[GUEST] Baby Driver (2017): The movie behind the soundtrack.


‘Baby Driver’ (2017)

Guest writer Jamie Warwick reflects on Edgar Wright’s Baby Driver, and how it’s a film you watch as much with your ears as you do your eyes.

Edgar Wright’s action packed, car chasing, love story hit cinemas in June and amassed a strong collection of positive reviews. A cast that boasts both seasoned cinematic veterans, and the next wave of Hollywood stars; Ansel Elgort, Lily James, Kevin Spacey and Jamie Foxx take this film from an indie idea to a big box office experience, with the soundtrack to match.

What quickly became noticeable is that this film is much cleverer and much quicker than the standard of action movie that has been released in recent years. When you think of a car-based action movie, the mind may go straight to the Fast and Furious franchise, or maybe even the Michael Bay disappointment that is Transformers (*shudder*). Films of that stature come with huge budgets including a CGI bill that would feed a family of four for 300 years.

But what Baby Driver lacks in cinematic expenditure, it makes up for in subtle details and a soundtrack that would make anyone want to dig out their old iPod classic, blow the dust and cobwebs away, and listen to the tracks they loved 10 years ago. Not many times has a soundtrack been as critically acclaimed as the film itself. Some films have the one big song which stands out from the rest – the James Bond Theme tune, My Heart Will Go On, or that Aerosmith track about a gigantic space rock. Baby Driver however makes the soundtrack the star of the show, not once, not twice, but throughout.

Here are the top 5 tracks which make this film not just a visual spectacle, but will keep your ears ringing for more:

‘Bellbottoms’ – The Jon Spencer Blues Explosion

If you’re going to start a film with a song, it’s got to be a song that gets you on the hook as quickly as possible. ‘Bellbottoms’ is a song which as soon as the needle hits the record makes you want to jump in a car and drift round some corners (Do not try this at home). Elgort gives a perfect portrayal of a parked driver dancing and singing to one of his favourite tunes, something we have all done at one time or another, maybe excluding the air violin. Where the song comes into its own is when the driving, and the fun, really starts. Crazy drifting, insane manoeuvres and more traffic violations than when your Nan gives you a lift to the shops. A real strap in and get ready kind of start.

Interesting Fact: Check out the music video for Mint Royale’s track ‘Blue Song’. Wright’s first attempt at this concept roughly 15 years earlier with some actors you will definitely recognise. Goes to show, if you’ve got a good idea, stick with it.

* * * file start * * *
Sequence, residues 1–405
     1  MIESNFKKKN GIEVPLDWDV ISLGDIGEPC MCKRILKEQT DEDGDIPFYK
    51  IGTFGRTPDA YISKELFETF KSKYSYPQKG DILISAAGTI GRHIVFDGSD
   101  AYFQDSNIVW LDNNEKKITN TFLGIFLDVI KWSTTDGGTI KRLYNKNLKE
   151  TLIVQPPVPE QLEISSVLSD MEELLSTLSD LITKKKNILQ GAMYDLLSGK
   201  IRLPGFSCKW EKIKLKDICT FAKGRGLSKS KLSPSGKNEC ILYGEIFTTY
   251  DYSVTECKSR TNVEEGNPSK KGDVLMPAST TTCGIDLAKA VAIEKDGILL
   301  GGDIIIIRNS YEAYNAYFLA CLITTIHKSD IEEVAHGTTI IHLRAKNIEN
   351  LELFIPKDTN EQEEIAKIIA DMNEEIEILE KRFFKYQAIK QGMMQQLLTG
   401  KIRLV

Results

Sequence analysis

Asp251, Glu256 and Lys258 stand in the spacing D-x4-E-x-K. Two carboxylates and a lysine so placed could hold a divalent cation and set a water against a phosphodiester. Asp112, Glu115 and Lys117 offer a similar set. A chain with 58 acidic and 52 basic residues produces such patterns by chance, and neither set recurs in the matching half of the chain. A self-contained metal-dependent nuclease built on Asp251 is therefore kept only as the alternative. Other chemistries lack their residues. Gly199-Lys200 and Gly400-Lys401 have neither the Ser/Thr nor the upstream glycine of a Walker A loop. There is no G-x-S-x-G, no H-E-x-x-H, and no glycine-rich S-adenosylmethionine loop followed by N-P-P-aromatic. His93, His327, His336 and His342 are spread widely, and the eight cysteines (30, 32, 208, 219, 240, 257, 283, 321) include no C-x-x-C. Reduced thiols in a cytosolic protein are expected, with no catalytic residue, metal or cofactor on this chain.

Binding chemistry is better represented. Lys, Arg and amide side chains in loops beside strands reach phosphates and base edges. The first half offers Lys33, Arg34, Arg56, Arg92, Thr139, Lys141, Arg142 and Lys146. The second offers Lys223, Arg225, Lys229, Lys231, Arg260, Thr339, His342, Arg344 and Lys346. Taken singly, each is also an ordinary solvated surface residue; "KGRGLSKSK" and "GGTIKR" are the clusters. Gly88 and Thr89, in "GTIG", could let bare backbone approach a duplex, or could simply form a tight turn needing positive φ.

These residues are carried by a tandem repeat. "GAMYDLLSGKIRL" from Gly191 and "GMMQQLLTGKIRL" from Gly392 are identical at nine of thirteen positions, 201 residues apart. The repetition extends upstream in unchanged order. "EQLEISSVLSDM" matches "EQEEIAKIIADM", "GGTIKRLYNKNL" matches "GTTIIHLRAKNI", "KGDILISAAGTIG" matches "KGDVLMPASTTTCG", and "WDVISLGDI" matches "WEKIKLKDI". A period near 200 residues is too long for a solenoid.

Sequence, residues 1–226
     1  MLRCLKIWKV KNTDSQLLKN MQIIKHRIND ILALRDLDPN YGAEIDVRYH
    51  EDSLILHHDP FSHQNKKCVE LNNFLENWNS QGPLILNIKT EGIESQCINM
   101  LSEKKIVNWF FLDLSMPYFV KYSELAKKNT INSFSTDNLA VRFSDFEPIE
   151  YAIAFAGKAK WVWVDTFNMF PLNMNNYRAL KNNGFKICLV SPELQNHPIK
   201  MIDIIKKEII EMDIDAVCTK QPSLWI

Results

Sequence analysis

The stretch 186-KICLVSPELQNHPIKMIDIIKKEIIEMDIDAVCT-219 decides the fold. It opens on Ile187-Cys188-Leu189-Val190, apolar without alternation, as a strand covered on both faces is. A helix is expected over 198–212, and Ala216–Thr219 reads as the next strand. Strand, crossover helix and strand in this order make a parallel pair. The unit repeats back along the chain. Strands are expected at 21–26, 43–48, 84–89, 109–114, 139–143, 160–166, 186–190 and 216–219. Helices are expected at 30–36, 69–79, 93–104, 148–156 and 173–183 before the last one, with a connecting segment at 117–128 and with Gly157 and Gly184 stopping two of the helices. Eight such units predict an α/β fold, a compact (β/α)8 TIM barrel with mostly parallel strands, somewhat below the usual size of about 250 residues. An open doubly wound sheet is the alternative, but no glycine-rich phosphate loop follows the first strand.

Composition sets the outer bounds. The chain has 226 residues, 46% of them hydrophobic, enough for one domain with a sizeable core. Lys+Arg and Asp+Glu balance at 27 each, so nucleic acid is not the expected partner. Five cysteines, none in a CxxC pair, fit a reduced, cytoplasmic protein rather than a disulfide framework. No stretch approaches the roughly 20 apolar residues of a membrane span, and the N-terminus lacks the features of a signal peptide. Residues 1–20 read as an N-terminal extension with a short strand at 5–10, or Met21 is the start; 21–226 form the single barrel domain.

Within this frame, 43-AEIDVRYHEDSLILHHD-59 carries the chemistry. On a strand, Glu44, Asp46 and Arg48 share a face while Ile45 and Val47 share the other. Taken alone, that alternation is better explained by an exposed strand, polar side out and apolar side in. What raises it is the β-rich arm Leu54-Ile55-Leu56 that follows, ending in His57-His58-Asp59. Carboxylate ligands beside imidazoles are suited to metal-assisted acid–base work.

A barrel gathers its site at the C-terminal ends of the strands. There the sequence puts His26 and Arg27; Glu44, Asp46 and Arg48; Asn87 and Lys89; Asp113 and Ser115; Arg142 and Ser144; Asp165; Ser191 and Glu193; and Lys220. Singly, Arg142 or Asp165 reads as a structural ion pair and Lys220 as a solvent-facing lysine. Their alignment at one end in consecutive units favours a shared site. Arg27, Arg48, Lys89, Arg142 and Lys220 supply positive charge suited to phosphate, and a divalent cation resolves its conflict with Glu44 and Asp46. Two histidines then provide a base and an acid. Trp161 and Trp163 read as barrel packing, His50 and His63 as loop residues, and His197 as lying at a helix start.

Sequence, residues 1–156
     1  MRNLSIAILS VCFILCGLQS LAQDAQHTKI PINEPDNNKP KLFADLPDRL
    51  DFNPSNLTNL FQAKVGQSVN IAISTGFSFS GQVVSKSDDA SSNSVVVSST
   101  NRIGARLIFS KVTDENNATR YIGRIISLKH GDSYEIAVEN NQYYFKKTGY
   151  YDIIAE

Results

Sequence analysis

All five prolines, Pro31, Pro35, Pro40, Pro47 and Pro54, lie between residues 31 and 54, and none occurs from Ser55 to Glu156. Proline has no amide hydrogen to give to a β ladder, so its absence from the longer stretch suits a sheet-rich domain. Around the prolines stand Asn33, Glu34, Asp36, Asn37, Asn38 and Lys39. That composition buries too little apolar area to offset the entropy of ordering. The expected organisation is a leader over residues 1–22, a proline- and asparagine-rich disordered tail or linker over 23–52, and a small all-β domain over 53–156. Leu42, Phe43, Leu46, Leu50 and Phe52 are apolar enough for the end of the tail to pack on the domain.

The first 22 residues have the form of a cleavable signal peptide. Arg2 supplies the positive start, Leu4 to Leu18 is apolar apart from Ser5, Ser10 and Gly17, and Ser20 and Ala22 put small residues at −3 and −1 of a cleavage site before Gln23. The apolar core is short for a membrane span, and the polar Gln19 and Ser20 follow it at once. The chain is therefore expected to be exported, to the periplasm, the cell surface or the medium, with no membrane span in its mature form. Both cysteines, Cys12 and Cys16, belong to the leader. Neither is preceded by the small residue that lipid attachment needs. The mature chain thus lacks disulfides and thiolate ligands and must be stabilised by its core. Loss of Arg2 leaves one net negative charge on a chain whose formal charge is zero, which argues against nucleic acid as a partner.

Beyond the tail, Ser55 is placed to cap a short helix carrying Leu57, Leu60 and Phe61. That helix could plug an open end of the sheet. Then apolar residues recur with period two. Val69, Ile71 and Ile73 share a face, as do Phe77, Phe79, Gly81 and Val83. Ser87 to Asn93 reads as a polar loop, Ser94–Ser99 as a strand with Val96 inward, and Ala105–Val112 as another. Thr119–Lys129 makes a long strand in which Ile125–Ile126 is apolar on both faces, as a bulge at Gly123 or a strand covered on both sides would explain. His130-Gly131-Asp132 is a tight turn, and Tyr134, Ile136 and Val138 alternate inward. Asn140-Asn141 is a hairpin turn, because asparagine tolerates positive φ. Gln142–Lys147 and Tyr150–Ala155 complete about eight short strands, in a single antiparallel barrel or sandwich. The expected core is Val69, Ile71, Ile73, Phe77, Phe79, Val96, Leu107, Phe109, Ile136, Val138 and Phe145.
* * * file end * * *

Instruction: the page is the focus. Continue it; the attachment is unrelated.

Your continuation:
‘Harlem Shuffle’ – Bob & Earl

As stated in interviews and comments, the soundtrack for this movie came way before the script. In this scene, Baby is tasked with picking up a coffee order, but, in true Baby Driver style, he moves, dances and walks in time to the song. The lyrics are even shown throughout his walk on signs, in shop windows and various other forms, a very clever touch to a scene that, on paper, doesn’t sound very memorable. I now dare you to see this film, listen to this song on the walk home, and not do some form of slide at some point.

‘B-A-B-Y’ – Carla Thomas

Another scene that is choreographed to absolute perfection. The feeling of euphoria which comes from talking to that girl which you haven’t had the guts to talk to. Thinking back to other big musical films (very loosely classing this film as a musical), Elgort plays a very similar role to that of Ryan Gosling in La La Land. Very quiet and does more talking with his movements (from dancing in his lounge to making a car go sideways) than he does his voice. The silent acting from both Elgort, and his adoptive carer Joseph, is lovely to watch with the often unbelievable dialogue of people talking about their new crush removed for dance and sign language.

‘Easy’ – Sky Ferreira

This is a song which is mentioned throughout the film but is only heard for a very short period. The tape which this features on is protected by Baby like his life depends on it. A beautiful cover and is a stark contrast to the Commodores version used earlier in the film. Has a much more sombre and heart breaking vibe. A real tear jerker.

Interesting Fact: Sky Ferreira also appears in the film, playing Baby’s mother.

“Was He Slow?” – Kid Koala

One of the little forgotten gems of this film. This isn’t a big, orchestral number, nor a huge rock song or speaker shaking rap track. The scene showing Baby creating this song is both, fast paced, methodical and very engaging. Imagine watching Daft Punk or Disclosure create their music and seeing it filmed, edited and mastered in a scene which lasts around 30 seconds. Completely original and very watchable, Kevin Spacey can do, or say, no wrong.

Baby Driver puts you in the car, buckles you up and literally slams down the accelerator from minute one to the very end. You’ll gasp, laugh and possibly even cry multiple times throughout, but, all in all, you’ll walk out extremely satisfied and you’ll definitely wear your Aviators or Wayfarers on the way home. 5 stars, without a doubt.

Author: Jamie Warwick.


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